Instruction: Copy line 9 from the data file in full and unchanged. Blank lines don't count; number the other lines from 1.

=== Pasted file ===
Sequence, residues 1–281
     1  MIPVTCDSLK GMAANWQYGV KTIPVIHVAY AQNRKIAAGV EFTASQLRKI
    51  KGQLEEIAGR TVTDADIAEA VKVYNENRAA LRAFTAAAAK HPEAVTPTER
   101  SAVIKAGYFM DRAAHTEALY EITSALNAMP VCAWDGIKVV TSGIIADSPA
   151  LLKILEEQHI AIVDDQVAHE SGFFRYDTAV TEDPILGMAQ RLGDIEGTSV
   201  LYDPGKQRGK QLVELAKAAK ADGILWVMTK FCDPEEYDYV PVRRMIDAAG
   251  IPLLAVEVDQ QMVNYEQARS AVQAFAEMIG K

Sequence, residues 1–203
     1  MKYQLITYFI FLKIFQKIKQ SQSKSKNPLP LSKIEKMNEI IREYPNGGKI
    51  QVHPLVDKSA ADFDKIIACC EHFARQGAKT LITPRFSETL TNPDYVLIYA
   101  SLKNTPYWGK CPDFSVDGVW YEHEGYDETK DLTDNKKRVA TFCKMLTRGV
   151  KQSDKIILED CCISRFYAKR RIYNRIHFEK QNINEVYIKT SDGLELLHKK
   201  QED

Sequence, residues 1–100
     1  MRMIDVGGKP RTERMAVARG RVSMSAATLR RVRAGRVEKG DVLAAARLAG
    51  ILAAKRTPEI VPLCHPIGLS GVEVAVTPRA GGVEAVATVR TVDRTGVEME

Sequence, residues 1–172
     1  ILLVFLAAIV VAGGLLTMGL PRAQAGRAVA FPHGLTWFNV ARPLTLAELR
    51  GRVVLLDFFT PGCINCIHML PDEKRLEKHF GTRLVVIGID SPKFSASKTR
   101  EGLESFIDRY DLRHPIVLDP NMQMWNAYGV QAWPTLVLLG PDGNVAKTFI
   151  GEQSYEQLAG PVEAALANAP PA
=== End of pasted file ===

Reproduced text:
     1  MKYQLITYFI FLKIFQKIKQ SQSKSKNPLP LSKIEKMNEI IREYPNGGKI